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There are reasons why “suspect addresses” may be legit

Real talk here.

Still the only voter ID anyone should need

Texas law requires voters to register where they live. At the same time, state law requires counties to take voters at their word that their voter registration applications are truthful.

Registrars who suspect an address may be invalid can send letters to voters asking them to confirm where the live. If residents re-submit the same address, however, registrars must process the application. Sam Taylor, spokesman for the Texas secretary of state, said the only other remedy registrars have is to refer cases to district attorneys for prosecution.

“The Texas Election Code does not grant any sort of additional investigative authority to a voter registrar in that situation,” Taylor said. “That’s where investigators and/or law enforcement get involved.”

Taylor said the secretary of state’s office has received complaints about the issue in the past, but said instances in which voters insist they live at an address that appears commercial are not a widespread problem.

“It does occur occasionally and we do occasionally hear frustrations from county voter registrars,” Taylor said.

See here for some background. Let’s state up front again that elected officials routinely game the “home address” requirement, with far less scrutiny. Let’s also state that the election process for many utility districts is a sham, again with far less attention and outcry than a few votes with PO box addresses. We could be a little more consistent about this sort of thing, is what I’m saying.

Having said all that, let’s talk about why some people might legitimately not want to put their residential address on their voter registration. Some people are dealing with stalkers and abusive exes, and thus do not want their home locations to be publicly searchable. Some people are homeless, or in transitional situations. Some people may be on temporary assignments out of state or out of the country. I have a friend from college who spent several years as a road-warrior employee for a company that provided software and training services for law firms. She literally lived in hotels or at friends’ houses year-round, and used her employer’s New York office as her mailing address. Some people live in Winnebagos and drive around the country.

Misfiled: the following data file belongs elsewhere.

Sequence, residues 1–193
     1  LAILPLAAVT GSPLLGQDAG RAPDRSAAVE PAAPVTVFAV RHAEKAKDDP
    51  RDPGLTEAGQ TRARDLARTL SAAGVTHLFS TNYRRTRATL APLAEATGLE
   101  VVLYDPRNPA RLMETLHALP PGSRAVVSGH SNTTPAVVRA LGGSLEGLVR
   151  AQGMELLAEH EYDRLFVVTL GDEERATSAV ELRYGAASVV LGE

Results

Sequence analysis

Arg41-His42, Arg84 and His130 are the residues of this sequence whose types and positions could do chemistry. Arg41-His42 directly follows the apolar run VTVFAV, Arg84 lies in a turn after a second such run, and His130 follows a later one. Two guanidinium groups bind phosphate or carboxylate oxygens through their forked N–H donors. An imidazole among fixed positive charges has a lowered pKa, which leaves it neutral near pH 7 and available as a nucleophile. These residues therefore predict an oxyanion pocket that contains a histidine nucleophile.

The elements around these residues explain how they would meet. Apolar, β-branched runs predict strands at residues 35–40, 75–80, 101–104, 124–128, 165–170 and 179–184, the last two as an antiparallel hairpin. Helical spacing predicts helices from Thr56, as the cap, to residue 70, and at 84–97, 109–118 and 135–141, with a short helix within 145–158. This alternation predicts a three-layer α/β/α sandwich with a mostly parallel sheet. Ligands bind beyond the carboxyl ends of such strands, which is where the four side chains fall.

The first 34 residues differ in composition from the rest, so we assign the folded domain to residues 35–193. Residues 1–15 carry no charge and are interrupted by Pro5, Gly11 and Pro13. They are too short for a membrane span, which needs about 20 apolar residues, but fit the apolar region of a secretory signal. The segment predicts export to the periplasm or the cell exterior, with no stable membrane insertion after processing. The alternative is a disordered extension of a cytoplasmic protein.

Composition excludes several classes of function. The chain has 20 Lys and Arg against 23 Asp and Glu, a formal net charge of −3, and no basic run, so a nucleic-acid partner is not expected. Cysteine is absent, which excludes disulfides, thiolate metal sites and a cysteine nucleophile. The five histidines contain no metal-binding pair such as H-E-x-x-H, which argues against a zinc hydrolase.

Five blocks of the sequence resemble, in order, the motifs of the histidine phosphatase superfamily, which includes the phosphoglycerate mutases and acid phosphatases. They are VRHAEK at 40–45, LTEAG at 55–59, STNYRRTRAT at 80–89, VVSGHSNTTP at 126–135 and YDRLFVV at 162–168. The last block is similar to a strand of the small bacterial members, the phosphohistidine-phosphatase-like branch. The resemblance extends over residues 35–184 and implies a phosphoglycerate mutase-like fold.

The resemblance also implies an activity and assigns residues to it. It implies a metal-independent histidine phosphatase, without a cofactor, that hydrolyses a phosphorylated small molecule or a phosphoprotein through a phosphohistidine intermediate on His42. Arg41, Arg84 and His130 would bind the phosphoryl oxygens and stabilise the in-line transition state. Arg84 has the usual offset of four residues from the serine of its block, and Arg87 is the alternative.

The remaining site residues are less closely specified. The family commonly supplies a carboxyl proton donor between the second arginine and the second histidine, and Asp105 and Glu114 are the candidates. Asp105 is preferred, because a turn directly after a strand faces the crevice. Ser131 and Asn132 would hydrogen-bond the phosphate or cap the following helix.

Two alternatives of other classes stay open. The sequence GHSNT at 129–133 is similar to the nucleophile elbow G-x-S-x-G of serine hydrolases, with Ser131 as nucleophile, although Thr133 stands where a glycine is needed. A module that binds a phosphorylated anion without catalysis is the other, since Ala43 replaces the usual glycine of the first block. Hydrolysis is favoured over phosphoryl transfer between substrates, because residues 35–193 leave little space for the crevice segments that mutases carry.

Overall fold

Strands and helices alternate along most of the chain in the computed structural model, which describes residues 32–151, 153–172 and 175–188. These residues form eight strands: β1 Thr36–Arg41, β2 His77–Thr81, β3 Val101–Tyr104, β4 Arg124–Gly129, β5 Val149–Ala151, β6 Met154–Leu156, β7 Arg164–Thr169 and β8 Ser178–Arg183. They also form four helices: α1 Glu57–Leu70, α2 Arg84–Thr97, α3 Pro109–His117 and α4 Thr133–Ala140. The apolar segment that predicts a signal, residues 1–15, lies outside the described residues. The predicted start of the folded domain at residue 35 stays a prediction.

I would argue that all these people have a right to vote that should not be challenged by some busybody party apparatchiks. It may be that some folks have dishonorable reasons for not using a “true” residential address on their registrations, but let’s keep some perspective here. Four thousand of them may sound like a lot, but there are 2.3 million registered voters in Harris County, so we’re talking less than 0.2% of the total. It’s basically a rounding error, even if you refuse to grant that there are any legitimate reasons for doing this. Maybe instead of obsessing over this tiny number of technical violations, we could grant ordinary voters the same deference we insist on giving elected officials when it comes to where they say they live.

(If instead we want to crack down on elected officials with dubious residential situations, I know who I’d start with. But we both know that’s not going to happen.)

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4 Comments

  1. voter_worker says:

    As long as the voter registration application requires a residential address while admonishing the applicant that providing false information on the form is a crime, there will be a built-in contradiction in the process. I’m still surprised that no articles, to my knowledge, have yet cited the court order that the Harris County VR operates under, requiring them to accept any address as long as it can be verified as an actual physical address. With that in place, what would be the basis for challenging anyone’s use of a business address or postal box on a voter registration application submitted to the Harris county VR?

  2. Who cares?

    If dave wilson is smart enough to trick people into believing he could be black and live in the hcc district. Oh well.

    With the exception of the medical center. Houstonians aren’t exactly the brightest.

    But then again… we’re still waiting for charles to ask real questions to houston city council candidates.

  3. C.L. says:

    We’re still waiting on Joe ‘I alone am the answer, I alone can make wrongs right’* to be less of a narcissist as well, but…

    *my apologies to The Decemberists

  4. I’m running for office to make public and private sector leaders look lazy and stupid. Who cares about winning. LOL

    It’s really not that hard to google company and government ideas and compare them to competitors.

    It’s kind of embarrassing when ceo’s and politicians have to privately and publicly ask an unemployed gringo with a spanish degree how to improve employee benefits and run the 4th largest city with ideas he googled.

    But then again. I don’t see any other millenials writing dozens/hundreds on how to run the 4th largest city.